Take, for example, an early shot of a small boy waving his hand in front of the camera. We cut to the boy’s point of view, and in front of him is a large, projected image of an out-of-focus woman. It’s so poetic in its anonymity. Or the haunting dream sequence bathed in quiet, Swedish summer light. And, of course, the miraculous conclusion in which the same character delivers the same monologue twice, first with the camera on the listener, second with the camera on the speaker. Listen to what is being said, sure, but, more importantly, watch how it is being received by the two characters. Like I said, poetry in motion.
Dir. by Woody Allen – Shot by Gordon Willis
Aside from its color and inventive widescreen style, Willis, better here than ever, has a flawless command of his use of shadows. This is none more prevalent than in the scene in which Allen and Mariel Hemingway discuss their relationship from opposite ends of a large room. Hemingway sits all the way to the left of the frame, with Allen pacing feverishly to the right before he joins her. Between them is nothing but a dimly lit living room. Do we need to see what’s between them? I don’t know, it never occurred to me.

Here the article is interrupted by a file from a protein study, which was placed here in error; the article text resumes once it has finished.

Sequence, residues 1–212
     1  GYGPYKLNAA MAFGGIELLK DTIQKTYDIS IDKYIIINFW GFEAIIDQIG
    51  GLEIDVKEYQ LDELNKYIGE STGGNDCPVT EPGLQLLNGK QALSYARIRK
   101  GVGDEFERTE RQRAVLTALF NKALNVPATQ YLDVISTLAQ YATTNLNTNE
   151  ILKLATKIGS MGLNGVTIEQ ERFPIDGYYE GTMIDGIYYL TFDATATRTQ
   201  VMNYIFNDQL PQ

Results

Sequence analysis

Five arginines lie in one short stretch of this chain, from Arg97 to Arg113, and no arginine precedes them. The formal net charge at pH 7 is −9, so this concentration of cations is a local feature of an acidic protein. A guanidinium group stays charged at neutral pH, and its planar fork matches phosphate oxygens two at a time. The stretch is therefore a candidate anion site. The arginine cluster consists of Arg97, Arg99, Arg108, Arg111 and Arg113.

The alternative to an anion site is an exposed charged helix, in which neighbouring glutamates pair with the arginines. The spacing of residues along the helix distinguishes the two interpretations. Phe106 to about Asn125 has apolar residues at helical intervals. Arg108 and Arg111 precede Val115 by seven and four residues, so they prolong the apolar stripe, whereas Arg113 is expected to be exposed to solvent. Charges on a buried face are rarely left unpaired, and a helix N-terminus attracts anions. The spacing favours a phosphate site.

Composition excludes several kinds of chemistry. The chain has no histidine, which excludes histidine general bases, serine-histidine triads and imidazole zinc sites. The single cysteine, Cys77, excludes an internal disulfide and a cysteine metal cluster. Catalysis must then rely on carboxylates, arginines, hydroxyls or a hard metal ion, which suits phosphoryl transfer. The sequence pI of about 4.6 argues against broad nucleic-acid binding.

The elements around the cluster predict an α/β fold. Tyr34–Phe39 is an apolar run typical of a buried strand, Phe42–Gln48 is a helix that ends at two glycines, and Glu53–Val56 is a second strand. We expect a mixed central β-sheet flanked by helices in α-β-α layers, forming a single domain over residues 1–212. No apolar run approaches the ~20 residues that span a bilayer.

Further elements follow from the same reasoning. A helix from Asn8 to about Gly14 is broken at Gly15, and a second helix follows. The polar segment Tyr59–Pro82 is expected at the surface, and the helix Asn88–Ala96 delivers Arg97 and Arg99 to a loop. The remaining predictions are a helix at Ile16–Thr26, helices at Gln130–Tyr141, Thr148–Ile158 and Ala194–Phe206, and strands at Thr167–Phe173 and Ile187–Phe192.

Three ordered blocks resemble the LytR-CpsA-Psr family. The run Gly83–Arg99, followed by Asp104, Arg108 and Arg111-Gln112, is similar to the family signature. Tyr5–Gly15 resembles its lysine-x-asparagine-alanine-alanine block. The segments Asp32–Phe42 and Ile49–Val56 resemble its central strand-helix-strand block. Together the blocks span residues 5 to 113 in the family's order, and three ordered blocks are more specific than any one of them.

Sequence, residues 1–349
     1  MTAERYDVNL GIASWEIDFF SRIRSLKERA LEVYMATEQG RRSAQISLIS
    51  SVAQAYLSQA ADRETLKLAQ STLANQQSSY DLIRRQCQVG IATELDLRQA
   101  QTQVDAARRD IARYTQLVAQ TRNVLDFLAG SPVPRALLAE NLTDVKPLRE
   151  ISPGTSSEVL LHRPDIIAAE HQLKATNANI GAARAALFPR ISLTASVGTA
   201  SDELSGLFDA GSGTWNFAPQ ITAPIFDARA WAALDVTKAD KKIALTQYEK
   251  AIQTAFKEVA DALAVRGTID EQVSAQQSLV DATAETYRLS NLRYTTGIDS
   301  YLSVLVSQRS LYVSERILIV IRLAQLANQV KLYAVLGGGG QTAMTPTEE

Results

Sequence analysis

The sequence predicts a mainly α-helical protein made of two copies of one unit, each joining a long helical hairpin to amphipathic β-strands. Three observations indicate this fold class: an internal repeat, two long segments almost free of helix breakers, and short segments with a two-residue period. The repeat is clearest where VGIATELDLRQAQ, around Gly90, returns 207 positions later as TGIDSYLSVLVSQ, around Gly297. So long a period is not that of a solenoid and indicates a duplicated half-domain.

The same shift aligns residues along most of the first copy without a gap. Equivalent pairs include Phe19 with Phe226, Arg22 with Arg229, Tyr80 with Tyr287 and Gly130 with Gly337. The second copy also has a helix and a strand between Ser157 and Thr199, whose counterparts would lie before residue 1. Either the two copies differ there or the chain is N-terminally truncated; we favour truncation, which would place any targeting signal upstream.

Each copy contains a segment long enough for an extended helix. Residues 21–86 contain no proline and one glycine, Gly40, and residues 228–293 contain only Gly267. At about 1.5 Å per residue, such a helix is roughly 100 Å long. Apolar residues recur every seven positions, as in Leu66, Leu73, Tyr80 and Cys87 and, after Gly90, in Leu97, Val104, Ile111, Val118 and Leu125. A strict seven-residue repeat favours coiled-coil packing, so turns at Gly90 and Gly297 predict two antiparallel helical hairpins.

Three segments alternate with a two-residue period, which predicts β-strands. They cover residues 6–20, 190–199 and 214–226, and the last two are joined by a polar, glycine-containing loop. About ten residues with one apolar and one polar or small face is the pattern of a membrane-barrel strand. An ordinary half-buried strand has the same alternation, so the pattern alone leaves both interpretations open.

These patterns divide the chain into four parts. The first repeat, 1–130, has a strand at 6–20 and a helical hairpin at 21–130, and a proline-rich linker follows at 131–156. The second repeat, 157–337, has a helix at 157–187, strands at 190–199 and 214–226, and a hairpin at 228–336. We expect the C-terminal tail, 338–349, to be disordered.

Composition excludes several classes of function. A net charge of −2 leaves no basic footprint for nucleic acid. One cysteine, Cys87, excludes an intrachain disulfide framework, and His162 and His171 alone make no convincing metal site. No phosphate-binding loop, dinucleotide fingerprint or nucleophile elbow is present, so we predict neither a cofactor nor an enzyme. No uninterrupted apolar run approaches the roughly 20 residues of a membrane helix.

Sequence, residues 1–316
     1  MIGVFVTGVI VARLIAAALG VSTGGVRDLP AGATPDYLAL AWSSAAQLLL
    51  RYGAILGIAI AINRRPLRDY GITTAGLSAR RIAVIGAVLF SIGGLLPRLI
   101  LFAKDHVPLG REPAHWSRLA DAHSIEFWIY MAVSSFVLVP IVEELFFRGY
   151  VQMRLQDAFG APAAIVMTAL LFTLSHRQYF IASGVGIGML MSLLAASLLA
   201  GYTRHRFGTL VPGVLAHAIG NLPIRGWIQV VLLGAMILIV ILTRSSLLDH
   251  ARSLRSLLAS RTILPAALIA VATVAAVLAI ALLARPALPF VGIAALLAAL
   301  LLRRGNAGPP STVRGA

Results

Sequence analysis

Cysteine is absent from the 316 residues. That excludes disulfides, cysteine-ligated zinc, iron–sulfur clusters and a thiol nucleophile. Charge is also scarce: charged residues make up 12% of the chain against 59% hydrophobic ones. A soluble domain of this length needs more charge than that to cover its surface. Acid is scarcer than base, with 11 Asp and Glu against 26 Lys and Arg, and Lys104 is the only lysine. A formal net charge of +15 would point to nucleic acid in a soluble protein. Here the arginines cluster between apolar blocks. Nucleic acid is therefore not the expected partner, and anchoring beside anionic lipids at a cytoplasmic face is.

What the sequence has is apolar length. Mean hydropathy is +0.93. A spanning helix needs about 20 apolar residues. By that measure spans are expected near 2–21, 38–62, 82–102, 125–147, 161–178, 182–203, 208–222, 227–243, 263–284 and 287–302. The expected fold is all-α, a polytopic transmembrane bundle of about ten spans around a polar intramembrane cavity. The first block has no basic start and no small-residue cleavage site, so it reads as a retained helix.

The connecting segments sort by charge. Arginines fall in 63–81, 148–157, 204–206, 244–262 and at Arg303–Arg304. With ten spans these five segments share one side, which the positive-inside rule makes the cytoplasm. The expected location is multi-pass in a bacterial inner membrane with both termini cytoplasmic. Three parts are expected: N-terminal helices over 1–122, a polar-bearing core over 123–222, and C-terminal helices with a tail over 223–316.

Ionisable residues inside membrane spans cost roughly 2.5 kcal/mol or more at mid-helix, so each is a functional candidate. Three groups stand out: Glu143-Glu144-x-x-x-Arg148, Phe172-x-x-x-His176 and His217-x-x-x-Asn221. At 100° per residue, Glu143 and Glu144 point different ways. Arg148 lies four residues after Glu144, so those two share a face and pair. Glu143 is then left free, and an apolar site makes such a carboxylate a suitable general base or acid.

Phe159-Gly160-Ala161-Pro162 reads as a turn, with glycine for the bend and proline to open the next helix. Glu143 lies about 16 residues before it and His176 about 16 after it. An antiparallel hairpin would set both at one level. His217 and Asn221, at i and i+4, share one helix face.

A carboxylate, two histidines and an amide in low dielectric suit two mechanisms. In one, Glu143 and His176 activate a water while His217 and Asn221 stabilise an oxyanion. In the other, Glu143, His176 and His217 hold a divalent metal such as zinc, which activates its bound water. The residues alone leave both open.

Raging Bull (1980)
Dir. by Martin Scorsese – Shot by Michael Chapman
In addition to the fight scenes, Raging Bull uses a number of fancy tricks to make the film so memorable. It ingeniously uses slow motion to evoke Jake’s present, curious mood, tracks its subjects from the locker room to the inside of the ring (in one glorious unbroken shot), and on and on. The positive analysis one could lend to Raging Bull’s cinematography is endless. The film is an uncontested masterpiece, and Chapman’s contribution to it only helps cement that notion.
Schindler’s List (1993)
Dir. by Steven Spielberg – Shot by Janusz Kaminski
Schindler’s List is a perfect example of a contemporary film that simply would not work in color. For if it was, how could we possibly stomach it?
What’d I leave off that you love? Remember: keep it monochrome for now, color comes tomorrow.